Israel: May act to stop Syria arms reaching Hezbollah

JERUSALEM Fri Jul 20, 2012 6:35pm EDT

JERUSALEM (Reuters) - Israel said on Friday it would consider military action if needed to ensure Syrian missiles or chemical weapons did not reach President Bashar al-Assad's allies in Lebanon, the Shi'ite Islamist movement Hezbollah.

"I have instructed the military to increase its intelligence preparations and prepare what is needed so that ... (if necessary) ... we will be able to consider carrying out an operation," Defence Minister Ehud Barak said in an interview on Channel 10 television.

"We are following ... the possible transfer of advanced munitions systems, mainly anti-aircraft missiles or heavy ground-to-ground missiles, but there could also be a possibility of the transfer of chemical means (weapons) from Syria to Lebanon," said Barak.

"The moment (Assad) starts to fall we will conduct intelligence monitoring and will liaise with other agencies."

Hezbollah, which in the past has received military and financial support from Syria and Iran, launched thousands of mainly short-range rockets into Israel during the Jewish state's 2006 offensive in southern Lebanon. Some longer-range rockets reached central Israel.

The Israel-Lebanon border has been largely quiet since then.

Israel has accused Hezbollah and Iran of carrying out a suicide bombing in Bulgaria on Wednesday that killed five Israeli tourists at Burgas airport, a popular gateway to the Black Sea coast. Iran has denied any involvement.

On Thursday, Barak toured the Golan Heights, a strategic plateau that Israel captured from Syria in the Middle East war in 1967 and from where it can monitor movements inside its northern foe.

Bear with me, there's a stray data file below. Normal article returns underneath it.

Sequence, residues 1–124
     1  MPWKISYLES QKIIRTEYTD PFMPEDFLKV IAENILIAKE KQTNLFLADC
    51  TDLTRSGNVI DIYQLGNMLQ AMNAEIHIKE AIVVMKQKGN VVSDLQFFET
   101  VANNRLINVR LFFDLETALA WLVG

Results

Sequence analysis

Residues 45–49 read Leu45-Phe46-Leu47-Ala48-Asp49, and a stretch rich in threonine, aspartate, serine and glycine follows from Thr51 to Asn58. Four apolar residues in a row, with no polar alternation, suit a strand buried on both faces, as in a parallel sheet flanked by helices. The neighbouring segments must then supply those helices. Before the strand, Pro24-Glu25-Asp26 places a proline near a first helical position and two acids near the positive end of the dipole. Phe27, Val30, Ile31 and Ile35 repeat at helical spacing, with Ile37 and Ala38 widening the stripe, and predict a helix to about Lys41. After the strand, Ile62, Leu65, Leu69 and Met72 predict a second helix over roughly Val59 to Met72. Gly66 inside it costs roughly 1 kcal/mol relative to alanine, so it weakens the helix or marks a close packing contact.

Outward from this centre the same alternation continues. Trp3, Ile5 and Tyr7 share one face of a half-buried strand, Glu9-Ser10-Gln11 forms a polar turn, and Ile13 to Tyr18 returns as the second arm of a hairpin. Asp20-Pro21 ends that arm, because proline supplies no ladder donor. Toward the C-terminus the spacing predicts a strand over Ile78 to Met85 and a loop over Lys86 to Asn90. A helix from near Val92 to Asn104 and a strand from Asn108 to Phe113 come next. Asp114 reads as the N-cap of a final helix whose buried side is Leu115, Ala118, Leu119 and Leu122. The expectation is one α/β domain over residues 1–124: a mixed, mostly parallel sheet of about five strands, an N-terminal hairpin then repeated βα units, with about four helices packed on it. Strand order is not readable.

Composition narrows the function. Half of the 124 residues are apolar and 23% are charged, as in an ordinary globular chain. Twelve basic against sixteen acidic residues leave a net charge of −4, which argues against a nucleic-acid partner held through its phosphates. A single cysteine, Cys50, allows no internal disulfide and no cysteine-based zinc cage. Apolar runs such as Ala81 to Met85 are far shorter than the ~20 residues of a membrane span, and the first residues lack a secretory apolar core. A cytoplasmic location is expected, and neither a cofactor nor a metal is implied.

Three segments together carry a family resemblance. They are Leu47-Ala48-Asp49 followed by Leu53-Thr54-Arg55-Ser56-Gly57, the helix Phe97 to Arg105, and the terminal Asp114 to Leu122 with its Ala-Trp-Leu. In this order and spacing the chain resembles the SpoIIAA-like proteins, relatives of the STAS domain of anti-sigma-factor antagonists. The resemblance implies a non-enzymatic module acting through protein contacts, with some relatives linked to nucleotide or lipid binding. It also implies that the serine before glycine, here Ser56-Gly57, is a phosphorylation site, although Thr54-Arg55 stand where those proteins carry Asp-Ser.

Syrian rebels assassinated four of Assad's closest aides in Damascus and seized three border crossings with Iraq and Turkey this week, putting the Syrian leader under greater pressure than at any time in the 16-month uprising against his rule.

(Writing by Ori Lewis, editing by Tim Pearce and Ralph Gowling)

We welcome comments that advance the story through relevant opinion, anecdotes, links and data. If you see a comment that you believe is irrelevant or inappropriate, you can flag it to our editors by using the report abuse links. Views expressed in the comments do not represent those of Reuters. For more information on our comment policy, see http://blogs.reuters.com/fulldisclosure/2010/09/27/toward-a-more-thoughtful-conversation-on-stories/
Comments (14)
snafu1949 wrote:
Syria has literally tons of WMD in biological and chemical weapons. You couldn’t possibly intercept all of them. Its a given that some of them will be smuggled out of Syria and put into the hands of terrorists. Syria is known to have bio weapons based on anthrax, plague, tulearemia, botulinium, smallpox, aflotoxin, cholera, ricin, and camelpox. Minute quantities that can be smuggled easily in the trunk of a car and can cause enormous damage and panic in a major city.

The time to have dealt with this potential nightmare was weeks ago. Saying that were going to hold people responsible if their used is a totally useless policy. The world is heading for pain, the world is heading for tears.

Jul 20, 2012 12:49am EDT  --  Report as abuse
Snaproll wrote:
Everyone is worried about the Syrian chemical weapons while at the same time we support the overthrow of the government by the Rebels. Isn’t that totally accomplishing what we say we don’t want ? Letting armed mobs, we know not who, get control of these chemicals. If we are really worried about them we should be supporting the government.

Jul 21, 2012 8:54am EDT  --  Report as abuse
digitus wrote:
Let’s see if some don’t already have Saddam’s name on them.

Jul 21, 2012 3:53pm EDT  --  Report as abuse
This discussion is now closed. We welcome comments on our articles for a limited period after their publication.

Pictures